For the eleventh instalment of the Film Simulation Challenge, I chose Ritchie’s Kodak Ektar 100 Film Simulation Recipe. The goal of the challenge is to use the same settings for 24 or 36 exposures, similar to shooting a roll of film. This particular film simulation recipe is intended to imitate the look of Kodak Ektachrome 100SW film. I “loaded” this “film” into my Fujifilm X-T2.
Another hot, humid day of al fresco dining at the Brick Farm Tavern provided the opportunity to try this film simulation.
Ektar is a color negative film made by Kodak. It’s known for vibrant colors, high contrast and fine grain, and, even though it is a negative film, it is more like reversal (slide) film. I would say that, while the results aren’t 100% identical, there are a lot of similarities between Ektar 100 and Ektachrome 100VS. In fact, when Kodak discontinued Ektachrome 100VS, they recommended Ektar 100 as the closest film.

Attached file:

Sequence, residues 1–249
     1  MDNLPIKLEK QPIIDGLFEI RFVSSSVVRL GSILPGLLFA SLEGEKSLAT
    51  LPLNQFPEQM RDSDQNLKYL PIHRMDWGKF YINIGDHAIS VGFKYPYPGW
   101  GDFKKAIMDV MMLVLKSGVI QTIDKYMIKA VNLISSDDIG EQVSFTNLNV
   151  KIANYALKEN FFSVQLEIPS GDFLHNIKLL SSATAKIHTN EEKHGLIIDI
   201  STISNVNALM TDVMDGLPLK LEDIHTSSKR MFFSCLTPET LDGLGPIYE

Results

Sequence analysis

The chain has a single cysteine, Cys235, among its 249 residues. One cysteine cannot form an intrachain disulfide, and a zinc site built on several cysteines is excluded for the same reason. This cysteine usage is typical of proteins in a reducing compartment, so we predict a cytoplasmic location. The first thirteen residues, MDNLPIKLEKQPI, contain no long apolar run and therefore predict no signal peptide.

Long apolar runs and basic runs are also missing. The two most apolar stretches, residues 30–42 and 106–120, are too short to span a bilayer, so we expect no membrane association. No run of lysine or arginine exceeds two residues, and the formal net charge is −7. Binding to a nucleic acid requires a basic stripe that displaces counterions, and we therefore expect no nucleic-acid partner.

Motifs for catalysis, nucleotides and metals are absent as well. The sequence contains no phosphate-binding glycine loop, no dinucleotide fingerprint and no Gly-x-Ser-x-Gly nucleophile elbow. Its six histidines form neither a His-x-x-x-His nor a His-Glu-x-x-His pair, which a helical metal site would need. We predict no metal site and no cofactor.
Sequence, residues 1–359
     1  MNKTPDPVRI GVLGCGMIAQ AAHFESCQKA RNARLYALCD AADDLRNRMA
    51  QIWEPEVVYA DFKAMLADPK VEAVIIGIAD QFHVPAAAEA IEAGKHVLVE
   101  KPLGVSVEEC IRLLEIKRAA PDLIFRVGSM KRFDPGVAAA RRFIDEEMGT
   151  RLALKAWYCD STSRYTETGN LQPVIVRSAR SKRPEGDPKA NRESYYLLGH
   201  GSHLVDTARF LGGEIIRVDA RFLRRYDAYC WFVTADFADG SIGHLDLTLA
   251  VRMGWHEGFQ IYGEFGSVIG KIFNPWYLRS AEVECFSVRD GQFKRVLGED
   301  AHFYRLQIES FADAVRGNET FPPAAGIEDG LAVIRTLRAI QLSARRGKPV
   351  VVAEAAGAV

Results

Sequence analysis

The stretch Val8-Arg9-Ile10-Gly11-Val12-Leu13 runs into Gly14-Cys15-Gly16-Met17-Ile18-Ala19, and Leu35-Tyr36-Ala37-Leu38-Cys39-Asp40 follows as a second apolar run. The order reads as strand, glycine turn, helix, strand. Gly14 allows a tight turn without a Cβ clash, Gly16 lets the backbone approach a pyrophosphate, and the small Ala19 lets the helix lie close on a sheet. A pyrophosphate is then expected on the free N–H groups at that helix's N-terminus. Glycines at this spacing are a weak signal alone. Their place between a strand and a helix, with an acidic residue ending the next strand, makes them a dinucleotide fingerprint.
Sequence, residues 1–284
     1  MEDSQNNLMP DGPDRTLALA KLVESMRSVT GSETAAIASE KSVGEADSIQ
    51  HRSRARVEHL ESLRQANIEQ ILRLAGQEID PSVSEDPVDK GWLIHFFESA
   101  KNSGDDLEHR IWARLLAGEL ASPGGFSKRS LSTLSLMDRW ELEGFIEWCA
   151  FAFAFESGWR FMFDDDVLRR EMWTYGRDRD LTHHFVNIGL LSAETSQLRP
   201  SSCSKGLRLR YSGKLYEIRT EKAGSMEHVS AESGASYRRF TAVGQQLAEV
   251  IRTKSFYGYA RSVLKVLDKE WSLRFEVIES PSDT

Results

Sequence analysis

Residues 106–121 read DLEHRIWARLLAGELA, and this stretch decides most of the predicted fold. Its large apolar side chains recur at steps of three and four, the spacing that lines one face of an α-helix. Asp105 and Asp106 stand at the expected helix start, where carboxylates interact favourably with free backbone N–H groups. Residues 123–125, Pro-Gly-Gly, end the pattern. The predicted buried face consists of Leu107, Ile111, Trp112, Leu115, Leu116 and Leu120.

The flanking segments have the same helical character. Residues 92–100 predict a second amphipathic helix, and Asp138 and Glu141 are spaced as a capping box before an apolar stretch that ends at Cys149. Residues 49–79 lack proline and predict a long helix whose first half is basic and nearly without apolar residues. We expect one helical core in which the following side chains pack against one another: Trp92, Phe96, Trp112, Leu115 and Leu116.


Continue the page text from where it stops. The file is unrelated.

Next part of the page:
Ektar is ideal for vibrant landscapes or any situation where you want lots of contrast and saturated colors. It’s not usually one’s first choice for portrait photography because skin tones can be off. Some people use it extensively for portraits, but the general advice is to use Ektar for everything other than people pictures. I’ve shot a few rolls of it in the past, but it’s been probably seven or eight years.
I am not a fan of this film simulation. I’m not too fond of the noticeable red cast in the images, especially in the skin tones. Perhaps I prefer my images on the cooler side.
Submitted as part of the 100DaysToOffload project.